Early in the pandemic, children were viewed as much less vulnerable than adults. Until the current wave of the delta variant, children were largely able to avoid the disease. But now pediatric cases are rising, and each week this fall, more than a quarter of a million children were diagnosed with coronavirus. In some places, more children have been diagnosed than adults.
The pandemic hasn't only created physical risks for children. It also appears to have ravaged their mental health. Virtually every study examining children’s mental health in 2020 and 2021 has found increased anxiety and/or depression, with findings pointing to a particularly worrisome rise in anxiety. In Brazil, a study of children found that 22% met criteria to be diagnosed with an anxiety disorder, more than three times pre-pandemic levels.
In Massachusetts, a study of older teens has found that an astonishing 71% reported “significantly increased anxiety and/or depression” during the past year. In that study, anxiety was significantly more common than depression, although both problems were reported to be increasing. Studies in China examined changes in youth’s mental health and also noted, consistently with all other research, that anxiety was on the rise.
In Massachusetts, a study of older teens has found that an astonishing 71% reported 'significantly increased anxiety and/or depression' during the past year.
In response, mental health care professionals are looking at ways to help children. Schools, clinics and practices that cater to young patients are reexamining and shoring up their services. But efforts to help children understand how to protect, improve and advocate for their own mental health haven't been as widely implemented. Of course, severe anxiety is not a condition/problem that either children or adults can fix/solve themselves. In those cases, parents should discuss this problem with their pediatrician or with another health professional. But in many cases, teaching kids ways of managing their own anxiety -- for example, when anxiety is mild -- can be a valuable life lesson.
So what helps, according to research, especially with anxiety? First, education about mental health can be beneficial. The Massachusetts Aggression Reduction Center has a free, kids-teach-kids curriculum that any parent, teacher or counselor can download. It’s specifically designed to make kids aware of pandemic-related anxiety and teach them ways to manage it. A number of children’s books offer age-appropriate education about the pandemic, in language that children can readily understand.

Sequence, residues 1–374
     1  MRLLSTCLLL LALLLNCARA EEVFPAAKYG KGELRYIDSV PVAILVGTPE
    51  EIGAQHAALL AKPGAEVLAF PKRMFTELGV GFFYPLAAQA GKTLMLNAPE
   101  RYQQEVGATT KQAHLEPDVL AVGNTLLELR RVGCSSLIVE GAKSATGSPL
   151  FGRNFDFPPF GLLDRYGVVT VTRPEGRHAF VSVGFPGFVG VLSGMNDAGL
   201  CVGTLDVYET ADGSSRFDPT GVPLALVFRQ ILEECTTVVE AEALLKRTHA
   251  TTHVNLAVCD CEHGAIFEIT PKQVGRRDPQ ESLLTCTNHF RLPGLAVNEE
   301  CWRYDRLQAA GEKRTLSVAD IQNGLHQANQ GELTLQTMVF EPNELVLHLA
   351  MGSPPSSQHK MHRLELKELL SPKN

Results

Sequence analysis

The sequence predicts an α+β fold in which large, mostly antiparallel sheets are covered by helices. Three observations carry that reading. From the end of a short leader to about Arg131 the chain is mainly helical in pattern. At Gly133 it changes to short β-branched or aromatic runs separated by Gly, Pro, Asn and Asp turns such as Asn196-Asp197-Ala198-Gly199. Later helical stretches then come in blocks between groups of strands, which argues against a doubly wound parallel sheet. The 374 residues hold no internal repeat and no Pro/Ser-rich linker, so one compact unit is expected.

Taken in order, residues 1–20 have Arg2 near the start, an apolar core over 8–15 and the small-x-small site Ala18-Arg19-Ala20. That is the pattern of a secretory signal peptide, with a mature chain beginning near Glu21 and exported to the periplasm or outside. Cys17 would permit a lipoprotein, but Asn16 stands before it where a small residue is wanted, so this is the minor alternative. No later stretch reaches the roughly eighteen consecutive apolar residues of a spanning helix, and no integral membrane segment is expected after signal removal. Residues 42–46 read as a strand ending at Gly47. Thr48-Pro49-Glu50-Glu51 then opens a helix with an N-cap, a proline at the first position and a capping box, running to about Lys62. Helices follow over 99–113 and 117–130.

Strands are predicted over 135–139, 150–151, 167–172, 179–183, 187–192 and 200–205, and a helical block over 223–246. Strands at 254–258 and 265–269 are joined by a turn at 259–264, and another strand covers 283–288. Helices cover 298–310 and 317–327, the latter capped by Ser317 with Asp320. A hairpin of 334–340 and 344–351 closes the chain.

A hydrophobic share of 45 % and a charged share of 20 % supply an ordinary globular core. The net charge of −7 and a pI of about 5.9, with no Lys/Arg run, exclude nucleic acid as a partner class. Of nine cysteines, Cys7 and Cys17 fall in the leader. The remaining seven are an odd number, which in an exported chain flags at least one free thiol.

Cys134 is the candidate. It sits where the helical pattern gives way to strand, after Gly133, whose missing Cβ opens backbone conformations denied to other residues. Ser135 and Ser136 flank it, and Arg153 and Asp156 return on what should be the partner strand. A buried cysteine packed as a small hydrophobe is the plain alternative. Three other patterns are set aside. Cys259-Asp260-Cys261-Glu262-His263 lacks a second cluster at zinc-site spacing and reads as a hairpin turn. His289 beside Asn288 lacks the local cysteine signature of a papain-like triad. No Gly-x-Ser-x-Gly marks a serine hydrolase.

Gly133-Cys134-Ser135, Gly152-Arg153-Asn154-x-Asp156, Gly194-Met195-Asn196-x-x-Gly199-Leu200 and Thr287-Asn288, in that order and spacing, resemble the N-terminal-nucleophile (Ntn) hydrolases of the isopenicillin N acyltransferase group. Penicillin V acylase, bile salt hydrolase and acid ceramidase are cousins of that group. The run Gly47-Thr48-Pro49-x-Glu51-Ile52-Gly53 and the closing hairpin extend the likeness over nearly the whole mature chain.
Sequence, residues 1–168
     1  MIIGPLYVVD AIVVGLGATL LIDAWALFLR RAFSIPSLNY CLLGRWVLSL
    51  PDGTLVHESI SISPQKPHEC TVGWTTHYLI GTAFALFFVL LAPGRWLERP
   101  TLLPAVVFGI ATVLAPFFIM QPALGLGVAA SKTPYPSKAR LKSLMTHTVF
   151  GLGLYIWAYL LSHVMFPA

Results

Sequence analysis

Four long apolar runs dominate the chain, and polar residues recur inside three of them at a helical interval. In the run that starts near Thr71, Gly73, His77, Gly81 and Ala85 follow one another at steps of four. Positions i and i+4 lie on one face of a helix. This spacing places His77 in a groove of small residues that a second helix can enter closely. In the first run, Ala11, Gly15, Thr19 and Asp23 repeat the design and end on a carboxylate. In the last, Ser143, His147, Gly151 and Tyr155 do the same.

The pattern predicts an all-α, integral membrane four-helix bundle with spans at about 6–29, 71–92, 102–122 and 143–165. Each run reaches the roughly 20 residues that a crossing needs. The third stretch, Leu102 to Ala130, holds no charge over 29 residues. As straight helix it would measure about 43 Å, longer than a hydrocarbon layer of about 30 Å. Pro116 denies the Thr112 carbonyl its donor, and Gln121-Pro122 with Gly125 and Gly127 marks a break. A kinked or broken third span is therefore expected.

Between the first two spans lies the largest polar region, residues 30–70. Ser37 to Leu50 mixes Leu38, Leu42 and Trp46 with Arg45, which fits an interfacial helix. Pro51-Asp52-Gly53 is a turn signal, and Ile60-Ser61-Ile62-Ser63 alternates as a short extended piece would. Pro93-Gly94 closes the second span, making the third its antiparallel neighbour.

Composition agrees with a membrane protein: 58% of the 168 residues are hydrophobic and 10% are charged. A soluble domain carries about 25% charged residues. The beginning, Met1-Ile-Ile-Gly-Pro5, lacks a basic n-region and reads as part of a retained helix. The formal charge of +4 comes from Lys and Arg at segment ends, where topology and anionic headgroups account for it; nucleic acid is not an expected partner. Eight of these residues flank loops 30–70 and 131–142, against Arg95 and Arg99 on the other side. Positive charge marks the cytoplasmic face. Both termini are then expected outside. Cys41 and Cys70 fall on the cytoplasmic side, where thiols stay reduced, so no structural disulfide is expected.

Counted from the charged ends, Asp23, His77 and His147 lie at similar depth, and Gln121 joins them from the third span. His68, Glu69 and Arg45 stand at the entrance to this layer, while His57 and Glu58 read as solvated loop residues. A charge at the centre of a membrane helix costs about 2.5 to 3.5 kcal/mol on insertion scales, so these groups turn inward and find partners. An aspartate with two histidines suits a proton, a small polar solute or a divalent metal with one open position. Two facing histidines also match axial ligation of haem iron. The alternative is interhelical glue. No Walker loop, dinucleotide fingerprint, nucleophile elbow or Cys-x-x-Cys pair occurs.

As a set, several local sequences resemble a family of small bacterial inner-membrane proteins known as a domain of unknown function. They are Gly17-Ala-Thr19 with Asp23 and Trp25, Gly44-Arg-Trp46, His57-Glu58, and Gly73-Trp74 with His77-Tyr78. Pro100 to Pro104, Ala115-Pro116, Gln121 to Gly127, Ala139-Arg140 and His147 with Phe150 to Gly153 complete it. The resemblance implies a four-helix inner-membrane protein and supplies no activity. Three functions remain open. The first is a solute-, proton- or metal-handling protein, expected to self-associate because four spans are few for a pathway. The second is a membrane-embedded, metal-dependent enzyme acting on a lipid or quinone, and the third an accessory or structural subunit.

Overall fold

Such educational tools can help children begin to understand and address their concerns about masking, social distancing, school, friendships and the vaccine in an accessible, kid-centric way. Adults often use language that children may not understand, and kids can be empowered when concepts and emotions are explained to them.
Education, however, is not only about learning vocabulary; it’s also about sharing helpful practices. For example, children can learn about the association between factors such as outside play, and exercise and reductions in anxiety. Caregivers can play a role in modeling this positive strategy. Families can take walks or hikes, play outside, or simply engage in non-screen inside activities, such as cooking, eating meals together, reading and playing board games.
[T]eaching kids ways of managing their own anxiety — for example, when anxiety is mild — can be a valuable life lesson.
It’s also important for children and teens to learn about the ways that social media can affect their anxiety levels. We enjoyed and relied upon social media for basic social interactions during this pandemic, but social media use can also contribute to anxiety. Children and teens can learn how taking breaks from screens, and especially from social media, can help them relax.
Finally, distraction can be a powerful and important tool in reducing milder forms of anxiety. Helping your mind think about topics other than its anxious thoughts can, for many, bring some relief. Learning how to use distraction effectively can result in feelings of control and competence. Once children learn about distraction as a technique, they can decide for themselves when they need an interesting or funny break. Temporarily re-focusing attention on something that is relaxing or humorous can be fun and can help children feel like they have some control over anxious thoughts.
Dentists don’t just tell us to visit them; they teach children (and adults) to practice prevention by brushing and flossing. In the same way, we can help children and teens learn how anxiety is a common problem as we go through this pandemic. We can teach them how to help prevent it and how to help reduce it, if it becomes a problem. Parents, teachers and other caregivers can help children learn to manage their own symptoms and, hopefully, recover as quickly as possible from the results of the pandemic.